There’s probably nothing more life-changing in day-to-day life than what a custom closet offers. The traditional closet, with its one hang bar, or a wire rack, is such a waste of what could be amazing storage. In our last home, where we lived for 10 years, we had eventually put some type of DIY custom closet in every storage spot. We even created a built-in wall system in our laundry room, with doors and crown moulding, using DIY closet materials. I’ll be showing you how easy it is by walking you through thehallway closet that I customized for this fall’s One Room Challenge.
Get to Know What’s Available
I feel pretty lucky that we have a Menards nearby. The Dakota Closet Systems collection they sell is by far the easiest and most customizable when it comes to DIY. You can buy a “kit,” but you don’t have to. The reason we don’t usually buy kits is because closets are typically not the standard width the kits need them to be. I also like designing the space myself and using every square inch. Other big box stores normally only sell kits, which tend to be a bit more expensive and more constraining. Are they affordable? Sure. As easy to get everything you want? Not so much. But, definitely an option!
As you identify what’s available in your area, you’ll want to understand the measurements of the shelving, bars and the uprights/dividers, also known as the the “walls” of each small section of the closet. With Dakota Closet Systems, the uprights are .75″ wide, and the shelving comes in 11.5, 24 & 36 inches.
Design Your Custom Closet
Using a tape measure, take measurements of the width and height of the closet. Standard closets are deep enough for hangers…typically deep enough for 24″ hanging, but it’s a good idea to check the measurement. Keep in mind that some closets, like my hallway closet, have doors with small walls on each side of the door frame, allowing the closet width to be wider than the door. Depending on how wide those entry walls are, you will be considering them in your design. Example: I love adding pull out hampers in bedroom closets, but they have to be placed in a position where they can pull out fully. Hanging rods and shelving are great options in those more “confined” spaces. Use paper and pencil to sketch your closet with measurements.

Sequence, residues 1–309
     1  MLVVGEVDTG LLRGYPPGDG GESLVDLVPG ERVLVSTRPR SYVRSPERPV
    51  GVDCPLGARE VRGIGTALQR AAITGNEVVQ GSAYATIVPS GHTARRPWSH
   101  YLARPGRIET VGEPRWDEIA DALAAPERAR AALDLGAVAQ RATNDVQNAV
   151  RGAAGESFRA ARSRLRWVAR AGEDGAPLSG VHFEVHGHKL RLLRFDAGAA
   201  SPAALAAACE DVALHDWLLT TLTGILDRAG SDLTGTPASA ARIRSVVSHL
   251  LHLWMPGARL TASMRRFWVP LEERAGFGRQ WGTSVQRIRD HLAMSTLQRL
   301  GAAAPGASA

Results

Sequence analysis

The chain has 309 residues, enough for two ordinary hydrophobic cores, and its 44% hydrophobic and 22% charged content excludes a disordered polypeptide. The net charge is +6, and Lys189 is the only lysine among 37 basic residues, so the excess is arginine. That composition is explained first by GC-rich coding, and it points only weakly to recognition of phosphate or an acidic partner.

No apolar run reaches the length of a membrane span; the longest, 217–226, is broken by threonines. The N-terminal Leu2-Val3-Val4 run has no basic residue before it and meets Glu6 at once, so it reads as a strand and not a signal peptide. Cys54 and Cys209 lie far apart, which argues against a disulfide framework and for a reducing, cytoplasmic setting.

You can continue on paper to draw the layout of the closet you’d like to install, (making sure you know the brand’s exact measurements.) Use a calculator to define the sections available based on those measurements. Don’t be surprised if you end up with 3 or 4 sketches as you work through the possibilities. There are a number of online closet creation tools. I use the Closet Building Tool provided by Menards. For my hallway closet, I used the tool, knowing I would have to create a custom-sized shelf on the far left to account for the odd width. I put the smallest shelf system option in place (11.5″ width) to show the basic layout, but the real width was 15.75″. That meant I would have to cut shelves to customize it.
My Hallway Closet
This makeover was a game-changer for our family. We went from a heap of a mess, to an organized beauty in just a couple days. It’s possible to install a DIY closet system in one day, but sometimes it takes a little longer, depending on the measurements and the prep work…
Start the Prep Work
In addition to designing the closet, you’ll have to prep the space.
- Empty the entire closet.
- Remove any hang bars, wire racks or hardware.
- Optional, but highly recommended: Patch holes, sand & paint. Trust me, you’ll be glad you did.
If you want your uprights (the dividers of each section) to rest on the floor, you’ll have to cut the trim out so everything is level and flush against the wall. I use a multi-tool, aka an oscillating tool, to do this neatly.
Buy Your Materials
Chances are you’ve already visited the hardware store closest to you. If not, it’s a great idea to browse what’s available. They don’t always have all the DIY options online, so take some time and get to know those aisles. If you’re buying a kit and fitting it in place, you’ll probably have everything you need to get started. One of the best things about DIY custom closets is that you can add additional shelving and features even after the basics have been installed. Shelves are capable of adjustments to customize the space. You can add drawers or hampers…the sky’s the limit.
With my hallway closet, it was a small space, so the design only needed 4 uprights, plus two standard sections: a 24″ section for shelving and hanging and a 11.5″ section for shelving. The final section would require custom cut shelves, so I purchased a 24″ shelf kit to add that.